International Entrepreneur Parole
On May 10, 2021, U.S. Citizenship and Immigration Services made an announcement confirming that that the International Entrepreneur (IE) program remains a viable program for foreign entrepreneurs to create and develop start-up entities with high growth potential in the United States. The program was first announced in 2017, but in 2018, the Trump administration essentially put a hold on it. U.S. Citizenship and Immigration Services (USCIS) has now withdrawn that hold.
The program is designed help to strengthen and grow our nation’s economy through increased capital spending, innovation and job creation.
The IE program grants qualifying foreign nationals temporary permission to enter and remain in the United States for up to five years to grow a start-up business that has potential for rapid growth and job creation. Parole may be granted to up to three entrepreneurs per start-up entity, as well as their spouses and children. Entrepreneurs granted parole are eligible to work only for their start-up business. Their spouses may also apply for employment authorization in the United States.
An applicant would need to show following to be eligible for parole:
The applicant has recently formed a new entity in the United States that has lawfully done business since its creation and has substantial potential for rapid growth and job creation. An entity may be considered recently formed if it was created within the 5 years immediately preceding the date of the filing of the initial parole application.
The applicant owns at least 10 percent of the entity;
The applicant has an active and central role in the operations and future growth of the business, and is not a mere investor.
The entity must have received a capital investment of at least $250,000 from established U.S. investors or at least $100,000 in grants or awards from qualifying U.S. federal, state, or local government entities. An applicant who partially meets the above criteria can still be eligible by showing additional compelling evidence of the start-up’s substantial potential for rapid growth and job creation.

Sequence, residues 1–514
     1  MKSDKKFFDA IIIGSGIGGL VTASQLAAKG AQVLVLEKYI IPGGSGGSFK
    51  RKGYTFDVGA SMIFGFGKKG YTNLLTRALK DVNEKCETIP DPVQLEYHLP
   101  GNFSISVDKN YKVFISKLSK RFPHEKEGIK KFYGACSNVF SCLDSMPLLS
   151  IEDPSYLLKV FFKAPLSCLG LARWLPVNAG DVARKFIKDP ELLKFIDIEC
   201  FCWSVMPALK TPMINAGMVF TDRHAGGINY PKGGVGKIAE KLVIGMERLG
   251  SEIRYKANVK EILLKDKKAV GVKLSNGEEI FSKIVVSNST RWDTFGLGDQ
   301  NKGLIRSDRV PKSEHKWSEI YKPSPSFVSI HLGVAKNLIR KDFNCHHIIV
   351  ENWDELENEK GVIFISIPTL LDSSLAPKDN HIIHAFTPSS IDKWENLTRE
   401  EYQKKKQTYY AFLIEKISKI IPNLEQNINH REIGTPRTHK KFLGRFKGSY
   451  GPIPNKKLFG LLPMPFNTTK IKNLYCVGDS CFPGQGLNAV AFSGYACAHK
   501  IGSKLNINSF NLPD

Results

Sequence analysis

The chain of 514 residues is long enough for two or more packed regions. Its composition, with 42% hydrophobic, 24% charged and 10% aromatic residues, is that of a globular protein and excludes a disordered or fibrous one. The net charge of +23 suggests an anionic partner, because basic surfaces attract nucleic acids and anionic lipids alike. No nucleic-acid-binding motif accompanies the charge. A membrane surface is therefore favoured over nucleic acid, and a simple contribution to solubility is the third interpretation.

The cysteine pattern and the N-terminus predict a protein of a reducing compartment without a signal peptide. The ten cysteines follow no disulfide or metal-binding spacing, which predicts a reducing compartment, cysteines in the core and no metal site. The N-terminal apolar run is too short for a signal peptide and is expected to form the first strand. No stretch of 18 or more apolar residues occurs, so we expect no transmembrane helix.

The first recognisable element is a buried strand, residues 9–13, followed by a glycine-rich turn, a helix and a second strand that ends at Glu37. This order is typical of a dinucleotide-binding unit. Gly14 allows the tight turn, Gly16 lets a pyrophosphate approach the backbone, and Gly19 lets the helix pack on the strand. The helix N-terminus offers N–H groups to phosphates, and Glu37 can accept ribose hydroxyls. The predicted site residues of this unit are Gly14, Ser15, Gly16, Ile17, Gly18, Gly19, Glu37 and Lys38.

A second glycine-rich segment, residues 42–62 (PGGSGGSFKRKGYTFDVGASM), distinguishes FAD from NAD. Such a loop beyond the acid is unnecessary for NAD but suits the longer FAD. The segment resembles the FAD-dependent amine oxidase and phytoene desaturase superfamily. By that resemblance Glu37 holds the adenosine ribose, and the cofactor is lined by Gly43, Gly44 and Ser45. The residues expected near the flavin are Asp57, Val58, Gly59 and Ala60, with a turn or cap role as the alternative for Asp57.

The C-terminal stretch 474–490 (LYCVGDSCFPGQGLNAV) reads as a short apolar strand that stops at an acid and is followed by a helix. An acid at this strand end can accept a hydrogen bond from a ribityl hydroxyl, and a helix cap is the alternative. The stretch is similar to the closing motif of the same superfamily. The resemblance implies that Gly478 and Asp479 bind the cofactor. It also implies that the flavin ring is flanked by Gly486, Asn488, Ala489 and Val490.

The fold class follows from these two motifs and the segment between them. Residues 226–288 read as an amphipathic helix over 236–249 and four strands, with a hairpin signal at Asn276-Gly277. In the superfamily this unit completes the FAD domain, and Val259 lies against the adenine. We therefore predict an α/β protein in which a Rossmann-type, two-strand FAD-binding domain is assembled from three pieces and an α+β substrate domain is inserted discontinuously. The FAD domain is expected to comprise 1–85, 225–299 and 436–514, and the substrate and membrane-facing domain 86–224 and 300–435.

The initial parole would be for 2.5 years. An additional 2.5 years of parole may be available if the applicant demonstrates that:
The entity continues to operate;
The applicant retains at least a five percent ownership interest (reduced from the initial ten percent to allow for additional funding) and continues to play a central role in the business; and
The business has created at least five full-time jobs for U.S. workers; received at least $500,000 in qualifying investments, government grants, or awards, or a combination thereof; or generated at least $500,000 in U.S. revenue and averaged 20 percent annual growth during the initial parole period.
While the parole does not directly lead to a Green Card, it could provide the time needed to pursue other longer term solutions. The IE program can be a useful immigration solution for some entrepreneurs.
Dilip Patel of Buchanan Ingersoll & Rooney PC, a board-certified expert on immigration law, can be reached at (813) 222-1120 or email email@example.com